Some of you may know that I’ve been writing occasional comics reviews for Cinescape. I’ve also had the good fortune to be asked to write about the new Star Trek series for them from time to time. I reviewed the inaugural episode but they took a pass, so I imagine it will wind up here sooner or later. I have a super short one-pager in the current print edition, and also did a speculative piece about possible plot directions for the show.

The double-header that aired Wednesday night was striking because of the naked inspiration the stories took from current events. The story development phase for these episodes likely took place in December, running, possibly, into January.

The name of the pivotal planet in the first episode that aired was “Mazar”, undoubtely drawn from the site of several fierce battles during the war, and of course the site of John Walker Lindh’s capture; these events occurred in late November and may well have been fresh in the minds of the writers for the show. The plot? A distinguished Vulcan ambassador has been expelled from Mazar for conduct unbecoming, etc., and Enterprise must take her to a rendezvous point. But what’s this? Mazarians in fast ships chase Enterprise, battling her for the ambassador. Will our heroes make it? Why are the Mazarites upset? Well, you’ll just have to watch the episode, but rest assured, there are plot echoes of current events throughout.

The second episode finds our doughty crew helping a low-rent Lawrence of Arabia, a strapping charmer who invites the Cap’n and Tripp down to his desert camp for a lashing game of white-boy lacrosse. Then the planetary gummint hails T’Pol in orbit and beams the big clue in: our boy down there is a terrorist.

The Cap’n and Tripp get the word, and they make a run for it over 30 klicks of burning sand, fleeing a nighttime artillery bombardment depicted with great care by the FX team. Do they make it? Well, you know I don’t kiss and tell.

This episode was as close as I’ve ever seen Trek come to reflecting on current events in real time. It’s important to note that the issue of the dashing rogue’s terrorism is left deliberately vague – he’s got weapons, he’s leading a war against a superior military force, he claims oppression, and they say he takes out civilians. We never get much of either side, in fact.

Which is really as it should be, since Trek is about ideas and character. Braga and Berman era Trek has actually repeatedly returned to the theme of terror and revolution over and over, almost always unsuccessfully. The Bajorans resisting Cardassian occupation. The Maquis resisting Federation treaties ceding their planets to the Klingons. The problems with these depictions of the issue is uniformly their failure to avoid preaching and at the same time their inability to pick a side. It’s as though the ambitions of the writers and producers to create comitted, socially responsible fiction about the topic are always defeated by the requirements of the medium of commercial TV.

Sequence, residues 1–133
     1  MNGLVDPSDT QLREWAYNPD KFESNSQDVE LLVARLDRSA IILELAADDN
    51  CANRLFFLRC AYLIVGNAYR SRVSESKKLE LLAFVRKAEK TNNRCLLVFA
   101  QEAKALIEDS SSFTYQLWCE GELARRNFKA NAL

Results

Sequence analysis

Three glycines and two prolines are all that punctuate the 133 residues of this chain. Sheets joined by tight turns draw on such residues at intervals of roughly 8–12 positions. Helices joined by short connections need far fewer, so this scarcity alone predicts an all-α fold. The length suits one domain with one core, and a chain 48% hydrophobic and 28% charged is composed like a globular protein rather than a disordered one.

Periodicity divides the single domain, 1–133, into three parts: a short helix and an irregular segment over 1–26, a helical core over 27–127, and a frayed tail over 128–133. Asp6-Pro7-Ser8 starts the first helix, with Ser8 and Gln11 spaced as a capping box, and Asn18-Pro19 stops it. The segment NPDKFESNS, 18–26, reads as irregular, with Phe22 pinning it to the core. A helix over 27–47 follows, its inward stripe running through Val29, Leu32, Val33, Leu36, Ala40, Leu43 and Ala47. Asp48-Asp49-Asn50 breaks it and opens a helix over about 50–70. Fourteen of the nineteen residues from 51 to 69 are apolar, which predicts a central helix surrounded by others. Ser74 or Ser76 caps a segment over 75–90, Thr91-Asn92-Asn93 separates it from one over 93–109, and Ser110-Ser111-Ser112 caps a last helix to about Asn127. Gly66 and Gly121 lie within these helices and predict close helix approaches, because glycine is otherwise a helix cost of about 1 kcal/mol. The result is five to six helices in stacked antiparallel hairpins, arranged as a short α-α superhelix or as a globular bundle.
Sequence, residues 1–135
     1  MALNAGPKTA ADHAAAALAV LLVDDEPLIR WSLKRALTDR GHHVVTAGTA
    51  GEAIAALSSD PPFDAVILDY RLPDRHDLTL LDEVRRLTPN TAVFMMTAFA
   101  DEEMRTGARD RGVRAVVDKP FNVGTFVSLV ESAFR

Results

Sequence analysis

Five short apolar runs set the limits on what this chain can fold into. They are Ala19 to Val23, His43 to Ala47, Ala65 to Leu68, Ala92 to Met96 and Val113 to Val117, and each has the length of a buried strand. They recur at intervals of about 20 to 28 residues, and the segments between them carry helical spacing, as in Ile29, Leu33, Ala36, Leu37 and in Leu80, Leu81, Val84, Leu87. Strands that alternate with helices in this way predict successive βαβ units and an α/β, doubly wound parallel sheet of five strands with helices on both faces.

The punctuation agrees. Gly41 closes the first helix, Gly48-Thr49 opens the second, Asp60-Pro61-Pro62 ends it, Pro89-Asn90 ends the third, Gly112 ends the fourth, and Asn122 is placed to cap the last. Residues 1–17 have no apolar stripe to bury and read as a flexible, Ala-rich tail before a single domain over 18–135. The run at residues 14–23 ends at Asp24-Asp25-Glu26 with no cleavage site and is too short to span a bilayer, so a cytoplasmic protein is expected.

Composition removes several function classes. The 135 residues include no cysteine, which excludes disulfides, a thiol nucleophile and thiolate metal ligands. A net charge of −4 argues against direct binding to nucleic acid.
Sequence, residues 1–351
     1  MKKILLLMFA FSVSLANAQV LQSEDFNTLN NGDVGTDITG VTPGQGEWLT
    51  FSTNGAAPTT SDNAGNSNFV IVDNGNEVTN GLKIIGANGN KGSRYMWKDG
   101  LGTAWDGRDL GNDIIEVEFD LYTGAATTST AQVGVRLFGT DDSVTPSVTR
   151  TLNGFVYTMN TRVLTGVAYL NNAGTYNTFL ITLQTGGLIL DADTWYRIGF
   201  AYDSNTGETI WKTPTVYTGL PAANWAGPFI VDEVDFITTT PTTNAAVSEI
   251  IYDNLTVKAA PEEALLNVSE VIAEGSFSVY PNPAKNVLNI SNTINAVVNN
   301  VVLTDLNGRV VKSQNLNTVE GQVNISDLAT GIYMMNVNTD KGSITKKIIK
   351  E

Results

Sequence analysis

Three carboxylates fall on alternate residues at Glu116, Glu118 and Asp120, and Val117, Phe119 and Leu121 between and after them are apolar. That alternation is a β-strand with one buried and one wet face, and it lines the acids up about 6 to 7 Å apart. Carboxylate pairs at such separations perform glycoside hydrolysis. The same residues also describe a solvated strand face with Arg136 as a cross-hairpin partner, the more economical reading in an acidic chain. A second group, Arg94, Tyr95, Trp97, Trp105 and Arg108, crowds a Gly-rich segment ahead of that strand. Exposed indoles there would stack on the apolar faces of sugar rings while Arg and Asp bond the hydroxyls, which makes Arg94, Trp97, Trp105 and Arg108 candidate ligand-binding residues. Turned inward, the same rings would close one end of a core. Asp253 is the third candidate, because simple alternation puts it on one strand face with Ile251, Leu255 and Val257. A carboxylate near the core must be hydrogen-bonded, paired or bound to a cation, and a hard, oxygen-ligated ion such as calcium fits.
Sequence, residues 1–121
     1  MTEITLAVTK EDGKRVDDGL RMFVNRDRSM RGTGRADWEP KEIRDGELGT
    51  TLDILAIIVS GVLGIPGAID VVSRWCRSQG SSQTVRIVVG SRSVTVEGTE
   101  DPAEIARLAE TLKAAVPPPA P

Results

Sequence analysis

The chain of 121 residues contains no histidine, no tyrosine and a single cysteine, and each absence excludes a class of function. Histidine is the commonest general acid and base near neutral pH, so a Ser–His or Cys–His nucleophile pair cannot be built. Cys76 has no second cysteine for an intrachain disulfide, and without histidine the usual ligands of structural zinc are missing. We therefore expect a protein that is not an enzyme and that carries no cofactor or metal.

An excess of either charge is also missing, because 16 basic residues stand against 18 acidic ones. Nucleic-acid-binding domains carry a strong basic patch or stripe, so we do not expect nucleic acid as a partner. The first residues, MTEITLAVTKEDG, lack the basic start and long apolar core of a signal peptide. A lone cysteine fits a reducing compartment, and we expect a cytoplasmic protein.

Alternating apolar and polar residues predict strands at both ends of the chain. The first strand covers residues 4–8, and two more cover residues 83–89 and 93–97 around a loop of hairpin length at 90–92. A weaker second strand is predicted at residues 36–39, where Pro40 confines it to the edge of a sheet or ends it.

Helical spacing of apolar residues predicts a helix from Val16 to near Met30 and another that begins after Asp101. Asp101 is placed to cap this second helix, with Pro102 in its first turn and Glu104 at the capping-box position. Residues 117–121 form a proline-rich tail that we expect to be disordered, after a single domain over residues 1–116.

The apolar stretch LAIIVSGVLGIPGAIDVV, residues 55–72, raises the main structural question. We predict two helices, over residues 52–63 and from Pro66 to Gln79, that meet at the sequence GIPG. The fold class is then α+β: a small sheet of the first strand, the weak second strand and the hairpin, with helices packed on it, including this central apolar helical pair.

Of course, it could just be the topic. I don’t think you can discuss it and make everyone happy.

This episode did create a sympathetic character who was identified as a terrorist, and in light of recent events in the middle east, I am surprised they aired it. However, becasue the majority of the episode was associated with issues of character and science-fiction problem solving, the episode avoided the tiresome quality that the other episodes revolving about the theme have often had.

Naturally, your mileage may vary. I rather imagine that it probably nettled more people than it did not.

Oh ho! on the official Trek boards, we find this thread: “More than a little disturbed by ‘Desert Crossing'”, in which thread starter “mike01” (no relation, I assume) sez:

It all stank of a “hidden” pro-Palestinian, and more disturbingly, pro-terrorist (his cause is worth fighting for? he attacks civilian tartgets and Archer has no problem with this?) message.

I am more than a little disturbed. I don’t know what to think. It’s almost like a Palestinian terrorist made his way into the plot room at Enterprise headquarters and snuck in a propaganda script and no one noticed.

(God, the board UI SUCKS. You can’t just flip through the thread in chronological order.)